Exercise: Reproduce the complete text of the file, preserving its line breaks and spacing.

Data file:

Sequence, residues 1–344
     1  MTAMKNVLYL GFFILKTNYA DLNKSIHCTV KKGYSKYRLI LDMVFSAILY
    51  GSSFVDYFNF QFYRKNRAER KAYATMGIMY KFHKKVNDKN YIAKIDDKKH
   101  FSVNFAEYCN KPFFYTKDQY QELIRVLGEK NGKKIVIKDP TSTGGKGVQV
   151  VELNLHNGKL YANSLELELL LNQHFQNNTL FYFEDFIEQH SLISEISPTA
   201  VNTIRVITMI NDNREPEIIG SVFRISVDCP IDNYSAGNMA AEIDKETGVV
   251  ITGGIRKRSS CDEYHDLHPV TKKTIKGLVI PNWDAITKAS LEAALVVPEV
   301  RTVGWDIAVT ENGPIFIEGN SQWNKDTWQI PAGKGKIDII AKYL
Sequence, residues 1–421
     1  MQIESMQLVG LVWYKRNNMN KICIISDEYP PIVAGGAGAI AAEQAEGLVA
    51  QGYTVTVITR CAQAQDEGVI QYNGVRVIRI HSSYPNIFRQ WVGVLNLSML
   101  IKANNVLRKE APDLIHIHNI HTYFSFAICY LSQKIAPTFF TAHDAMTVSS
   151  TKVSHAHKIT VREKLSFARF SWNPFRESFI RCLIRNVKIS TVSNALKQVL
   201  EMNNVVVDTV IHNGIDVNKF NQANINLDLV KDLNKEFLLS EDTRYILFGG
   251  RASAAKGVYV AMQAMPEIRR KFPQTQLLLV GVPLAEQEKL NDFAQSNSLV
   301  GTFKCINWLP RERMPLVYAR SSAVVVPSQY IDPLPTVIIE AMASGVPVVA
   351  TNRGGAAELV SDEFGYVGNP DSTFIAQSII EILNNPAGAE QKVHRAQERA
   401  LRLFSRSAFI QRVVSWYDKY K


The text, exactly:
Sequence, residues 1–344
     1  MTAMKNVLYL GFFILKTNYA DLNKSIHCTV KKGYSKYRLI LDMVFSAILY
    51  GSSFVDYFNF QFYRKNRAER KAYATMGIMY KFHKKVNDKN YIAKIDDKKH
   101  FSVNFAEYCN KPFFYTKDQY QELIRVLGEK NGKKIVIKDP TSTGGKGVQV
   151  VELNLHNGKL YANSLELELL LNQHFQNNTL FYFEDFIEQH SLISEISPTA
   201  VNTIRVITMI NDNREPEIIG SVFRISVDCP IDNYSAGNMA AEIDKETGVV
   251  ITGGIRKRSS CDEYHDLHPV TKKTIKGLVI PNWDAITKAS LEAALVVPEV
   301  RTVGWDIAVT ENGPIFIEGN SQWNKDTWQI PAGKGKIDII AKYL
Sequence, residues 1–421
     1  MQIESMQLVG LVWYKRNNMN KICIISDEYP PIVAGGAGAI AAEQAEGLVA
    51  QGYTVTVITR CAQAQDEGVI QYNGVRVIRI HSSYPNIFRQ WVGVLNLSML
   101  IKANNVLRKE APDLIHIHNI HTYFSFAICY LSQKIAPTFF TAHDAMTVSS
   151  TKVSHAHKIT VREKLSFARF SWNPFRESFI RCLIRNVKIS TVSNALKQVL
   201  EMNNVVVDTV IHNGIDVNKF NQANINLDLV KDLNKEFLLS EDTRYILFGG
   251  RASAAKGVYV AMQAMPEIRR KFPQTQLLLV GVPLAEQEKL NDFAQSNSLV
   301  GTFKCINWLP RERMPLVYAR SSAVVVPSQY IDPLPTVIIE AMASGVPVVA
   351  TNRGGAAELV SDEFGYVGNP DSTFIAQSII EILNNPAGAE QKVHRAQERA
   401  LRLFSRSAFI QRVVSWYDKY K